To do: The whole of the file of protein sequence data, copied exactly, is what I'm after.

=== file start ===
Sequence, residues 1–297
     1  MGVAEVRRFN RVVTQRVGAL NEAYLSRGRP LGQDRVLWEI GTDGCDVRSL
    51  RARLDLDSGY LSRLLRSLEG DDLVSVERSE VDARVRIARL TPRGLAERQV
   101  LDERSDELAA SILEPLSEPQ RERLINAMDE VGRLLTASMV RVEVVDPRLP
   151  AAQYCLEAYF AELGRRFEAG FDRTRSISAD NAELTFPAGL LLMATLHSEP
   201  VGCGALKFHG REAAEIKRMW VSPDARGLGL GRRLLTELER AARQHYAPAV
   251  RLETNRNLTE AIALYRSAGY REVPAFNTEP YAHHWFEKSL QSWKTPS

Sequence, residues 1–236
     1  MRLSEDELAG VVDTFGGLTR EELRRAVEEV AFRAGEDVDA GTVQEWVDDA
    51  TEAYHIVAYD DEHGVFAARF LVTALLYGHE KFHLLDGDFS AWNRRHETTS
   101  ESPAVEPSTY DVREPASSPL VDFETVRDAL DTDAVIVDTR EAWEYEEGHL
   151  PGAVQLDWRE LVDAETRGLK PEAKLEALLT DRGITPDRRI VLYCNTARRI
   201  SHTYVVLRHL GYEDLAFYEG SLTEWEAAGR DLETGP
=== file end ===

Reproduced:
Sequence, residues 1–297
     1  MGVAEVRRFN RVVTQRVGAL NEAYLSRGRP LGQDRVLWEI GTDGCDVRSL
    51  RARLDLDSGY LSRLLRSLEG DDLVSVERSE VDARVRIARL TPRGLAERQV
   101  LDERSDELAA SILEPLSEPQ RERLINAMDE VGRLLTASMV RVEVVDPRLP
   151  AAQYCLEAYF AELGRRFEAG FDRTRSISAD NAELTFPAGL LLMATLHSEP
   201  VGCGALKFHG REAAEIKRMW VSPDARGLGL GRRLLTELER AARQHYAPAV
   251  RLETNRNLTE AIALYRSAGY REVPAFNTEP YAHHWFEKSL QSWKTPS

Sequence, residues 1–236
     1  MRLSEDELAG VVDTFGGLTR EELRRAVEEV AFRAGEDVDA GTVQEWVDDA
    51  TEAYHIVAYD DEHGVFAARF LVTALLYGHE KFHLLDGDFS AWNRRHETTS
   101  ESPAVEPSTY DVREPASSPL VDFETVRDAL DTDAVIVDTR EAWEYEEGHL
   151  PGAVQLDWRE LVDAETRGLK PEAKLEALLT DRGITPDRRI VLYCNTARRI
   201  SHTYVVLRHL GYEDLAFYEG SLTEWEAAGR DLETGP